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Murphy lifts 10 p.m. cap on restaurants, bars and increases indoor capacities
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Murphy lifts 10 p.m. cap on restaurants, bars and increases indoor capacities

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coronavirus press briefing

Governor Phil Murphy hosts a coronavirus media briefing in May.

Gov. Phil Murphy on Wednesday said he will sign an executive order increasing the capacity for a number of indoor businesses and venues, and lifting the 10 p.m. curfew on serving food and drink at bars and restaurants.

The governor left it up to local governments to decide on hours of operation, and Atlantic City Mayor Marty Small Sr. immediately issued his own executive order allowing resort bars and restaurants to return to operating up to 24 hours a day, seven days a week.

However, Murphy said the prohibition on seating at indoor bar areas will remain in effect.

Atlantic City is the only municipality in the state to have 24-hour liquor licenses, to meet the needs of the casino industry.

During the state’s COVID-19 briefing Wednesday, the governor said the order will take effect at 8 a.m. Friday, increasing capacities to 35% and lifting the 10 p.m. restaurant curfew statewide. Indoor bar seating will remain prohibited, Murphy said.

Murphy’s announcement came a day after the Atlantic County Board of Commissioners supported pleas from the Atlantic City Council asking the governor to expand hours of operation and capacities ahead of Super Bowl weekend.

Ducktown Tavern owner John Exadaktilos said it was a welcome expansion.

“I want to first and foremost thank the governor for waking up and considering this going into a very important weekend for many establishments for many reasons,” Exadaktilos said. “I’m happy for everyone who’s in the same boat as we are.”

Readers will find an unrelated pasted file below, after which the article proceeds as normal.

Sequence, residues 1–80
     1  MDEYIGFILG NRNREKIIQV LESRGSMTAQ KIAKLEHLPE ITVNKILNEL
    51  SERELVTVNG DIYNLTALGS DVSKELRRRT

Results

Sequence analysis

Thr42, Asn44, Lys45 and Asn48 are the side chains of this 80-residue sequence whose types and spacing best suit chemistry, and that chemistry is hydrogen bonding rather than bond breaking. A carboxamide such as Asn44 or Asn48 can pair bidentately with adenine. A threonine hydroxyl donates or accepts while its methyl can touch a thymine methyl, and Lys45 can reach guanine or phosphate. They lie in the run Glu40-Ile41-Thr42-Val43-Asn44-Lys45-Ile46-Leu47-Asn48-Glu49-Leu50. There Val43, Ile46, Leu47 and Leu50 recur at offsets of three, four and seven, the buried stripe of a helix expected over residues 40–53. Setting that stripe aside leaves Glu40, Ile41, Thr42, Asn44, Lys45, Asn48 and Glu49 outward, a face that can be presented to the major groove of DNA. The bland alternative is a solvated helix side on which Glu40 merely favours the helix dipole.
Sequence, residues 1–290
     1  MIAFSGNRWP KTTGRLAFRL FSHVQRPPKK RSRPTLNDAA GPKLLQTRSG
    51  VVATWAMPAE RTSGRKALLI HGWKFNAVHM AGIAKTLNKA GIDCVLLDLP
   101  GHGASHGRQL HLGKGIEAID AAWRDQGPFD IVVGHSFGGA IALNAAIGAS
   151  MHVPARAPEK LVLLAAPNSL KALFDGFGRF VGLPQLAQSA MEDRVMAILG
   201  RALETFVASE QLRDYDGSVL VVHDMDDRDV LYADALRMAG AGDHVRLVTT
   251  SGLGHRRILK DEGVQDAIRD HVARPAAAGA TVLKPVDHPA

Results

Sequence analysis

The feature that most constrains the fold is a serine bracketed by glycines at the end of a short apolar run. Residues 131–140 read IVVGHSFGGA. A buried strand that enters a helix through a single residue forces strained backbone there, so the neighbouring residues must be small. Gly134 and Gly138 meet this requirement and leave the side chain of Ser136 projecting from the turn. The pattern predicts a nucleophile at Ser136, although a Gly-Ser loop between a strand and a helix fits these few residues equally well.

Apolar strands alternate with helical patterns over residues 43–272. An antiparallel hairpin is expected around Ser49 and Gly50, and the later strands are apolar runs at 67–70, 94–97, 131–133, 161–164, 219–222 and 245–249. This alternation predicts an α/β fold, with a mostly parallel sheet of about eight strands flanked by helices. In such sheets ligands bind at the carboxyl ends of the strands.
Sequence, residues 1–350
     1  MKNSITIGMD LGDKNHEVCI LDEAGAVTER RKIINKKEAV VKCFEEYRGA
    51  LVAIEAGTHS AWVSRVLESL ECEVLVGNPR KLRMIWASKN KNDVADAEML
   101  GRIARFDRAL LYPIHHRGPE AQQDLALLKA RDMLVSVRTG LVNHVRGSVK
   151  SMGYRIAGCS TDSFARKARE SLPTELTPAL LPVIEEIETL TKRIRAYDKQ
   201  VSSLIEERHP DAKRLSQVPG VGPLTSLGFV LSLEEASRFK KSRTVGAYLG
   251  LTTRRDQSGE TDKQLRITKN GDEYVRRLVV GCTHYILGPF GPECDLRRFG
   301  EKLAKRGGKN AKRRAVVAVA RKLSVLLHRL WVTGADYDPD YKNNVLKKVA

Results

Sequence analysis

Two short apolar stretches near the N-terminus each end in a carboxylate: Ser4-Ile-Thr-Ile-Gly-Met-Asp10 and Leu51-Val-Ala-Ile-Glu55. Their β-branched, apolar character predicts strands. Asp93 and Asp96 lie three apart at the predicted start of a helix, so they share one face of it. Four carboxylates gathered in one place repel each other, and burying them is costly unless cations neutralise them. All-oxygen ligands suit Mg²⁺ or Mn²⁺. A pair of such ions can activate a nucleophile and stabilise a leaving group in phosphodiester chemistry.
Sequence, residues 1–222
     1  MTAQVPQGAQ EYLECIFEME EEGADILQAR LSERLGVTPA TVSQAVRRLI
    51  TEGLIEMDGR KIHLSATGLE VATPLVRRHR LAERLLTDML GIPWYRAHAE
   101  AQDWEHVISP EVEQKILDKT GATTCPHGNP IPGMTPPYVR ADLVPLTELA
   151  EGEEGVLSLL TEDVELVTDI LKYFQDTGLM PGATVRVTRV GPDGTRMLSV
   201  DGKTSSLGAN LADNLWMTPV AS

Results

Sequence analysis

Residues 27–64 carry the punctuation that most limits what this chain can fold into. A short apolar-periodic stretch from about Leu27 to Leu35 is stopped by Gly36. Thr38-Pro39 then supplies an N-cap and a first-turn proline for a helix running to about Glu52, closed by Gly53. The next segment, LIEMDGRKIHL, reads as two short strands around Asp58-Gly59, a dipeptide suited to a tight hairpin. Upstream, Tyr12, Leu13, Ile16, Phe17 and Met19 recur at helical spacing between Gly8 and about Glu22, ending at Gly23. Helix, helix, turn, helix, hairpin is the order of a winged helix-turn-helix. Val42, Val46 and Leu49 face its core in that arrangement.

The state first reopened indoor dining at 25% capacity Sept. 4. Before that, restaurants had been limited to offering takeout, delivery or curbside pickup since mid-March.

“I don’t know this to be the case, but I believe it to be the case: We’re the only state in America that hasn’t wavered up or down from that (limit),” Murphy said. “And today, we go up and we go up responsibly.”

Murphy said the public’s continued adherence to safety guidelines gave the state the confidence to expand the limits of indoor activities.

“We are able to take steps forward today because of the millions of you who have taken responsibility for ending this pandemic to heart — through constant social distancing, wearing your face masks and exercising common sense,” Murphy said.

Under the order, casinos also may resume indoor food and beverage service from 10 p.m. to 5 a.m.

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Indoor entertainment and recreation areas and personal care businesses will see a similar increase Friday, Murphy said. Indoor gatherings such as religious ceremonies and services, wedding ceremonies, political activities and memorial services and funerals will expand to a 35% capacity limit, but no greater than 150 people. Performance venues will have the same guidelines.